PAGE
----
For businesses hoping to identify an avenue to quickly and definitively defeat the recent deluge of website accessibility claims brought by industrious plaintiff’s firms, advocacy groups, and government regulators in the initial stages of litigation, recent news out of the District of Massachusetts – rejecting technical/jurisdictional arguments raised by Harvard University and the Massachusetts Institute of Technology – provides the latest roadblock.

In National Association of the Deaf, et al., v. Harvard University, et al. (Case No. 3:15-cv-30023-MGM, Dist. Mass.) and National Association of the Deaf, et al., v. Massachusetts Institute of Technology (Case No. 3:15-cv-30024-MGM, Dist. Mass.), Plaintiffs brought claims on behalf of individuals who are deaf or hard-of-hearing, alleging that Harvard and MIT violated Section 504 of the Rehabilitation Act of 1973 and Title III of the Americans with Disabilities Act by failing to offer its online video content in a format accessible to individuals who are deaf or hard-of-hearing (e.g., by providing captioning).  Facing case law in the District of Massachusetts that already made arguing against the potential applicability of Title III to goods and services offered on websites more difficult (see Nat’l Assoc. of the Deaf v. Netflix, Inc. (D. Mass. June 19, 2012)), both Harvard and MIT made motions to dismiss and/or stay the actions pending the U.S. Department of Justice’s eventual promulgation of website accessibility regulations governing places of public accommodation under Title III (currently expected in 2018) by asserting the primary jurisdiction doctrine.  DOJ submitted Statements of Interest in both cases opposing Harvard and MIT’s motions, arguing that the courts are presently capable of adjudicating Plaintiffs’ claims based on the existing state of the law and any delay pending the release of its regulations would unduly prejudice the Plaintiffs.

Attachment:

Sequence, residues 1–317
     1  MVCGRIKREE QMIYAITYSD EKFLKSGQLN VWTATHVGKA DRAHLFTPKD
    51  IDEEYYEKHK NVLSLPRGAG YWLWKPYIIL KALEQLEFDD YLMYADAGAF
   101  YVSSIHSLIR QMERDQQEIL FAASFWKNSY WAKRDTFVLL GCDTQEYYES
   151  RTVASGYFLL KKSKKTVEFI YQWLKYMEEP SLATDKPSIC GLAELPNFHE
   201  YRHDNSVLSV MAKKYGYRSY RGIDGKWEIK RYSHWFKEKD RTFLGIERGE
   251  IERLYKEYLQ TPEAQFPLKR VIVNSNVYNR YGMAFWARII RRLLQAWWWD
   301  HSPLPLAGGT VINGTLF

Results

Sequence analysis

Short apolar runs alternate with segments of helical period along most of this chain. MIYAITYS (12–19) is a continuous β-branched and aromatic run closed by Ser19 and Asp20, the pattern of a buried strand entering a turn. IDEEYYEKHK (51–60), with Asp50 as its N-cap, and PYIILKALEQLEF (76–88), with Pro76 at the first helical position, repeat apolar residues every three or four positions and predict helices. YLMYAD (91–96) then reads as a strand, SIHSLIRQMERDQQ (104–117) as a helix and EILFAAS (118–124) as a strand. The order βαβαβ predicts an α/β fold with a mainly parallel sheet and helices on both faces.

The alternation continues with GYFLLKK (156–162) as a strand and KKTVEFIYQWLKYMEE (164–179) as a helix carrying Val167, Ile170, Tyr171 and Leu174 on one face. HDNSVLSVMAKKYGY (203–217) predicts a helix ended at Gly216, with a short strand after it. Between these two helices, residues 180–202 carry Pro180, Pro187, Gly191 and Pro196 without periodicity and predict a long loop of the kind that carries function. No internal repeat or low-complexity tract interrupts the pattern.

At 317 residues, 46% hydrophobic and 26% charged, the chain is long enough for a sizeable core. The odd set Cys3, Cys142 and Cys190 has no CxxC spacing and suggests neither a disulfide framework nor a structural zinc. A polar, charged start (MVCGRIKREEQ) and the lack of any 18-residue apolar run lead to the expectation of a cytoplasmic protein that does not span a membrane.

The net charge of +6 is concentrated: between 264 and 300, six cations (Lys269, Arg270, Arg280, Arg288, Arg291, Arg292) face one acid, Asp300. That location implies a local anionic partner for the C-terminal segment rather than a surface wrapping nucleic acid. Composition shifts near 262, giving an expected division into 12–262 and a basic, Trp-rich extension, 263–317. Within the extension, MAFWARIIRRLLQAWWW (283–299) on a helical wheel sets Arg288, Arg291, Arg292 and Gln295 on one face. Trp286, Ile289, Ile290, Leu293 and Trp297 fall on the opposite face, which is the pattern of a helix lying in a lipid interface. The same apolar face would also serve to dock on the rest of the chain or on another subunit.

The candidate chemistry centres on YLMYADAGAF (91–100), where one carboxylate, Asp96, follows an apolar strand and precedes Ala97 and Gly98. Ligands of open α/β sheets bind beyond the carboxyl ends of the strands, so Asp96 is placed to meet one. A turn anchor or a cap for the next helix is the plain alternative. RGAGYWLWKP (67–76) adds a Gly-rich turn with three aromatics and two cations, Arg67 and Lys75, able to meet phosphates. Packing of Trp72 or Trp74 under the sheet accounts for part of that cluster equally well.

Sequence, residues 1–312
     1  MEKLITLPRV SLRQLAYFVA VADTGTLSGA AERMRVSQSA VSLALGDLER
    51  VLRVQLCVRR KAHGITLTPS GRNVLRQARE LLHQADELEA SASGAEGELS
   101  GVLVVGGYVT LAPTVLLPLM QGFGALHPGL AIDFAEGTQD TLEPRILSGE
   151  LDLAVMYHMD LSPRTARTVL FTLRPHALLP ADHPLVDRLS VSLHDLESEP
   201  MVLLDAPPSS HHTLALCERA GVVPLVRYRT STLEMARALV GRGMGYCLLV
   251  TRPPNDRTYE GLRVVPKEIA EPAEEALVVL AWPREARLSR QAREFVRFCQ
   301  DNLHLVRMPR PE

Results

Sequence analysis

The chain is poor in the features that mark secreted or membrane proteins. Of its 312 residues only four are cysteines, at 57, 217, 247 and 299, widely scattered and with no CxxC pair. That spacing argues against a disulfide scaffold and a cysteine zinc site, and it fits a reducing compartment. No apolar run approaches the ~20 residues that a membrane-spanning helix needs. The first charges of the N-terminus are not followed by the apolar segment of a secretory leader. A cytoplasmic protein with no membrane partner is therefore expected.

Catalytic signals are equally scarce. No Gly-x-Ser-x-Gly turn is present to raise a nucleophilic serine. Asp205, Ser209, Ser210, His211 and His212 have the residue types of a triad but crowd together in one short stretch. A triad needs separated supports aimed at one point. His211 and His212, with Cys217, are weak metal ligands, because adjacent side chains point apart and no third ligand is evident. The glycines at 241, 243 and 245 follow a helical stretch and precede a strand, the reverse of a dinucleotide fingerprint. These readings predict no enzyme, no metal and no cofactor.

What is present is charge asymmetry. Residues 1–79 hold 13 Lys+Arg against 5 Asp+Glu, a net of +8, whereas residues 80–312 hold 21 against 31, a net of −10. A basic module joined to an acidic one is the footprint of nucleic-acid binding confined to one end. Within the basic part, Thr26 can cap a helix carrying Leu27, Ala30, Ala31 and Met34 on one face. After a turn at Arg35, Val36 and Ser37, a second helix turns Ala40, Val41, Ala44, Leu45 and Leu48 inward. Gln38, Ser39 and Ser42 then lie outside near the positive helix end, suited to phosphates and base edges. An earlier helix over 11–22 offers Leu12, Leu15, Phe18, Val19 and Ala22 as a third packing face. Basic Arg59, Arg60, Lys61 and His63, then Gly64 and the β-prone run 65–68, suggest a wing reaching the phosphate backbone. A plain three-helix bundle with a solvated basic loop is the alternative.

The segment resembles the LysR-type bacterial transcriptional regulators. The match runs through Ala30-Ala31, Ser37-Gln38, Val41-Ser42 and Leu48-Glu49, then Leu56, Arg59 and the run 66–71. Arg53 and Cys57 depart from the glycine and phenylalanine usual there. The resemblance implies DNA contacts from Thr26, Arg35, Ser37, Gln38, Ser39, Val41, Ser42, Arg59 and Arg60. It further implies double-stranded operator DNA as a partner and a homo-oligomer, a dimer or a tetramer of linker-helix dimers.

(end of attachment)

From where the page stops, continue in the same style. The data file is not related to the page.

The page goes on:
While it will not become a final order until adopted by U.S. District Court Judge Mastrioanni, in an extensive and thorough decision, Magistrate Judge Robertson, denied both Harvard and MIT’s motions in their entirety.  The decisions hold, among other things, that these were not appropriate matters to invoke the primary jurisdiction doctrine because the existing law provides the necessary legal framework for the Court to appropriately adjudicate whether or not Section 504 and Title III were violated by Harvard and MIT’s failure to provide captioning of its online video content.  The Court explained that it did not need to await DOJ’s issuance of final regulations because, if necessary, it had other resources available through which to educate itself about any technical issues involved in the case.  Moreover, as the analysis involved in accessibility cases must be specifically tailored to the entity and situation in question, the Court was not concerned about the potential impact these decisions might have on any broader issues addressed by DOJ’s regulations.  Finally, noting that DOJ’s Title III regulations will not even be in final form if delivered as planned in 2018, the Court expressed concern about the amount of time that would elapse for Plaintiffs if it was concluded that the defendants were violating the law.  This decision comes on the heels of the U.S. District Court of the Western District of Pennsylvania’s decision this past November denying a similar motion to dismiss made by Huntington National Bank in defending against a claim brought by the law firm Carlson Lynch Sweet & Kilpea on behalf of Michelle Sipe.  (Sipe v. Huntington National Bank, Case No. 2:15-cv-01083-AJS (W.D.Pa. 2015))  While that decision came without any discussion, the papers filed by both parties relied heavily upon those submitted by the parties in the Harvard and MIT decisions.

These recent decisions reveal a reluctance among the courts to dismiss website accessibility actions on technical/jurisdictional grounds.  Taken along with the expanding number of jurisdictions who subscribe to legal theories accepting that Title III covers website accessibility (whether adopting a nexus theory or broadly interpreting the spirit and purpose of the ADA) and it is becoming increasingly clear that many businesses will have a difficult time ridding themselves of website accessibility claims in the early stages of litigation.  Of course, these decisions have been quick to note they do not foreclose a variety of potentially successful defenses that may be asserted later in the litigation – e.g., undue burden, fundamental alteration, and the provision of equivalent/alternative means of access.  While, to date, the existing website accessibility case law has not focused on when these defenses might prevail, with the recent proliferation of website accessibility demand letters and litigation, businesses should soon find themselves with greater guidance from the courts.  In the interim, the best way to guard against potential website accessibility claims continues to be to take prophylactic measures to address compliance before you receive a demand letter, complaint, or notice of investigation.